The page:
Invista Inc., the manufacturer of Stainmaster carpets, may help avert the automotive production shutdown, which is caused by a recent shortage of resin. The Kansas-based carpet maker confirmed that its Victoria factory in Texas is operating at capacity in order to produce Cyclododecatriene (CDT), which is a key ingredient chemical in nylon 12 -- a widely utilized automotive resin.
Invista's manager of business and external communications Jodie Stutzman stated that they are doing what they can to fill the immediate need. Stutzman disclosed that their CDT operations are currently "running hard" in order to make available "as much of the material as possible." Stutzman did not name the vehicle companies procuring CDT from Invista.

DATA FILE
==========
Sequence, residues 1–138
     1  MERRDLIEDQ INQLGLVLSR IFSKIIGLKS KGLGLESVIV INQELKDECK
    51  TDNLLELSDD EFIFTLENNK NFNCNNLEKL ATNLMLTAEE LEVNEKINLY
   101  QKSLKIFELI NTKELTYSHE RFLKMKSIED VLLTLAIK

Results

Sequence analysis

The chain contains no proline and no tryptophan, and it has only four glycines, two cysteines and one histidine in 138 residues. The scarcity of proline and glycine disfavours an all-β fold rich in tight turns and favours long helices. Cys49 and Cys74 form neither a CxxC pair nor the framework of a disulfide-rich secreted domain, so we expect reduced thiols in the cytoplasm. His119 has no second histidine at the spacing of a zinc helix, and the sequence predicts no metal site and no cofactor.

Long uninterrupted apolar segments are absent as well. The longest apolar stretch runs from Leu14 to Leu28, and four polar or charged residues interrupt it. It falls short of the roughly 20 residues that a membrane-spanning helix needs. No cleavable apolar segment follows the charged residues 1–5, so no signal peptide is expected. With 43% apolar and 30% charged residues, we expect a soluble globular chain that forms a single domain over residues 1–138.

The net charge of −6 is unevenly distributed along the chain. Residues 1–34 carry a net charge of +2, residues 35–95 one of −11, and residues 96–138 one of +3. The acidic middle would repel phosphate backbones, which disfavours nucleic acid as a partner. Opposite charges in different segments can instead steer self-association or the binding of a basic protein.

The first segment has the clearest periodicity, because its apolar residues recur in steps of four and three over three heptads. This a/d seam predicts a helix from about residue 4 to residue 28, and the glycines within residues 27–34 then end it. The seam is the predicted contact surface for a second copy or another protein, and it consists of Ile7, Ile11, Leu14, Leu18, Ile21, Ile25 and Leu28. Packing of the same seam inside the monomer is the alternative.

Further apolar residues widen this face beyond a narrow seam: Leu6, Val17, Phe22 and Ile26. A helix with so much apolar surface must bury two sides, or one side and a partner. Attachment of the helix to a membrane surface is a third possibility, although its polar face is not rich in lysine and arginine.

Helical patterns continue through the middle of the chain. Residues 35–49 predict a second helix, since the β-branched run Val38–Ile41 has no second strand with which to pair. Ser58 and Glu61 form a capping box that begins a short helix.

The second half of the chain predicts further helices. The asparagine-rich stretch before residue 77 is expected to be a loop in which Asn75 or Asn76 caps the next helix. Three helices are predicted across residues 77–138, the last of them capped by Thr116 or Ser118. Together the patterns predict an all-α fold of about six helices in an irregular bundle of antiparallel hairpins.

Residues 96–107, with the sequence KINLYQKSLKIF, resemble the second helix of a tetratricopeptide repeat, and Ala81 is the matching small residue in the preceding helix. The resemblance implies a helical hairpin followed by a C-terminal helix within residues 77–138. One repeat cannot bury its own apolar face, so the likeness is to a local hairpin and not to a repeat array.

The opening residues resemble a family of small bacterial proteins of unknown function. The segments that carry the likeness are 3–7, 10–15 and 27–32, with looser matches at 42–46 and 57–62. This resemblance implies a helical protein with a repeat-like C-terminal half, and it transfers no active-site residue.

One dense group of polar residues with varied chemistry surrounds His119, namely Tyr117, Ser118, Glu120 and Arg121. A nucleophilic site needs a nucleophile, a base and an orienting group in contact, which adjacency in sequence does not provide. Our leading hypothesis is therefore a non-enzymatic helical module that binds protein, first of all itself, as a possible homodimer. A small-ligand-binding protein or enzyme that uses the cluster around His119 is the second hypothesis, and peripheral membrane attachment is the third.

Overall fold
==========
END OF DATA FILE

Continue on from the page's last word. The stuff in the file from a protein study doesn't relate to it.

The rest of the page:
On another note, chemical giant DuPont Co. disclosed that it is anticipating additional demand from vehicle manufacturers looking to work around the shortage of the nylon 12. DuPont is a manufacturer of chemicals utilized in the manufacturing of vehicles.
The company can provide additional polymers called Delrin, Hytrel and Zytel to the automotive industry, according to DuPont CEO Ellen Kullman. She was a former member of General Motors' board.
She resigned in December 2008 after a four-year period. The shortage arises from an explosion at Germany's Evonik Industries AG in March 31, killing two employees.
The CDT-derived nylon 12 resin is utilized to create brake and fuel tubing parts. Evonik and French rival Arkema SA comprise around half the supply of nylon 12 in the world, according to research firm IHS Chemical. Arkema purchases CDT from Evonik.
CEO Bill Kozyra at Auburn Hills-based TI Automotive Inc. was aware of the threat. He wrote a letter on April 12 to GM, Ford Motor Co., Volkswagen AG and Toyota Motor Corp., Bloomberg reported. Almost 200 executives from eight vehicle manufacturers and 50 suppliers converged in Troy to talk about the impact and possible production shutdowns.